Activities & Opportunities

Unique activities and opportunities that our program offers include

Spirit of Place / Spirit of Design. Led by its founder architect Travis Price, FAIA, this award-winning educational forum explores the design and construction of architectural forms that are able to successfully respond to their natural, sacred, and cultural settings in a modern idiom.  The15 design-build projects done since 1992 have allowed students the unique opportunity to research, design, and construct a project in a remote landscape, as a team. The program’s overriding goal is to foster a new language of modern architecture fostering environmental stewardship, the preservation of cultural metaphors, and the education of architects and artists. For more information, visit the Spirit of Place/Design website.

Walton Family Distinguished Critic in Design and Catholic Stewardship.  Once a year (usually in the Fall) we bring a world-renown architect to lecture, teach a short and intense design charrette, and attend the final jury of the SSCS studio (wherein the workshop is offered). Architects Antoine Predock (2009), Craig Hartman (2010), Juhani Pallasmaa (2011), Alberto Campo Baeza (2012) and Claudio Silvestrin (2013) have been the last four Walton Critics. This program is made possible by a generous grant from the Clarence Walton Fund for Catholic Architecture.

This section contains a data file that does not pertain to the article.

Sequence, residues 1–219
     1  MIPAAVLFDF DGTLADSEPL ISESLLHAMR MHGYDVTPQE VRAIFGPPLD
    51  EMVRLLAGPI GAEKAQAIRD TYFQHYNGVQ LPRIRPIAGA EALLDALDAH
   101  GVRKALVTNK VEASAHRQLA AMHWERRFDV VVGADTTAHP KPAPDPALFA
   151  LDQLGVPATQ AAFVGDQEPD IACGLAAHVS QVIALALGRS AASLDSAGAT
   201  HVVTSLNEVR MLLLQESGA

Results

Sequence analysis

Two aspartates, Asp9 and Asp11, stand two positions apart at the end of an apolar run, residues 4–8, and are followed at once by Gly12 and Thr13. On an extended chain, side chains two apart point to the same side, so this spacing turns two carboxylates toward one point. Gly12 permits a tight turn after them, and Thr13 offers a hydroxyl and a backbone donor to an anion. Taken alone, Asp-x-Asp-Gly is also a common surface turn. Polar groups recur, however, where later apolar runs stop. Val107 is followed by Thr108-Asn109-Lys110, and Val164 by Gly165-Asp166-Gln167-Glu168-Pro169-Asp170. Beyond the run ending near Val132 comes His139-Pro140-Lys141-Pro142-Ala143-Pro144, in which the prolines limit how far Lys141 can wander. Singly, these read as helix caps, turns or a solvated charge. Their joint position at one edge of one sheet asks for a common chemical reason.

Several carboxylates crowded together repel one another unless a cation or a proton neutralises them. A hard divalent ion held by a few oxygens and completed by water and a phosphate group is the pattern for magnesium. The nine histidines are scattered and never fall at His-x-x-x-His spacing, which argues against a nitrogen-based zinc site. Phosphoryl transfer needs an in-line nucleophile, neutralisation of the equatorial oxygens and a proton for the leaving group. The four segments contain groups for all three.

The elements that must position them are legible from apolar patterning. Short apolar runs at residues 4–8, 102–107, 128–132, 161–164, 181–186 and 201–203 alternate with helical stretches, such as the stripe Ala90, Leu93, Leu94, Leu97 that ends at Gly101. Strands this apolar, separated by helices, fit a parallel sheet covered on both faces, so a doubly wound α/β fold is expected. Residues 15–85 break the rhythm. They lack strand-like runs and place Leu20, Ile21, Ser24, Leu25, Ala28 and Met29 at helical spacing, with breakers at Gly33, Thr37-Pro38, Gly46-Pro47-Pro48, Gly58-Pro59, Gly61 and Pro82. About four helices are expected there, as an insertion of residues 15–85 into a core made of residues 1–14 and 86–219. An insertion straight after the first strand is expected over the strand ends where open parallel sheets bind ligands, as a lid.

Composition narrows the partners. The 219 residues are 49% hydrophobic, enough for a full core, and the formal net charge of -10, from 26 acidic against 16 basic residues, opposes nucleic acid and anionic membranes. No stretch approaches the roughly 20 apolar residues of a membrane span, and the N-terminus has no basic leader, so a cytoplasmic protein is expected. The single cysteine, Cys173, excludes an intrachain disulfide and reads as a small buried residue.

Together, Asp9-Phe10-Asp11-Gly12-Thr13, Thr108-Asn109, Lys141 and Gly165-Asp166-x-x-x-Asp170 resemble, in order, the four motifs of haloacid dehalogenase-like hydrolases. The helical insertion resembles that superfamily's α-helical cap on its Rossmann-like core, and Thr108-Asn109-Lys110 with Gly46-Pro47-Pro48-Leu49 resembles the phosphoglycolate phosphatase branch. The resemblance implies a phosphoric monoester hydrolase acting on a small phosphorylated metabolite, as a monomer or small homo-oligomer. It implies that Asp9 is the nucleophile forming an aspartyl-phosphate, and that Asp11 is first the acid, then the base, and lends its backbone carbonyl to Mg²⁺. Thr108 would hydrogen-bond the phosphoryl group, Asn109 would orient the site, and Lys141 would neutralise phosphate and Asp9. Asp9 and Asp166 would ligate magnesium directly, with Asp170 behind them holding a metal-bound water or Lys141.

Symposia. SSCS faculty and students participate and/or organize high profile conferences addressing topics relevant to the concentration. For instance, in Fall 2011 we hosted the Symposium “Transcending Architecture: Aesthetics and Ethics of the Numinous” — an event that brought remarkable speakers to discuss the immeasurable qualities of architecture. In Spring 2010, we assisted in the organization of the Symposium “A Living Presence. Extending and Transforming the Tradition of Catholic Sacred Architecture”. In Spring 2007, we collaborated with the Latrobe Chapter of the Society of Architectural Historians to offer the Symposium “Building Spiritual Washington”.

The G. Magi Scholarship. The Magi Endowment for the Liturgical Arts offers scholarships to graduate students whose postgraduation goal is to serve the Catholic Church as a teacher, composer, choral director, sculptor, craftsman, or some other mediums (including architecture). The scholarships are restricted to half tuition only and may extend to multiple semesters pending on work progress. Many SSCS students have been able to gain support in the past usually by proposing research work associated with their Master’s thesis. The call for candidacy occurs in mid to late October (for the following Spring Semester) and early March (for the following Fall Semester). For more information, review this document that contains what you need to know to apply for this scholarship as a graduate student at CUA School of Architecture and Planning.

Semester SSCS Meeting. The SSCS concentration usually hosts one meeting per semester to discuss issues relevant to graduate students, faculty, and the program. These meetings are open, relatively informal, and include food and drinks. Our concentration is currently forming a SSCS group for social and professional networking. For more information on the SSCS alumni group, contact Ana Garcia Bilbao (at

Direct access to professionals and scholarsin the DC area and beyond. SSCS faculty have access to a large array of local, regional, national and international connections that may prove important for thesis research, applying for a job, seeking a PhD., or just travel.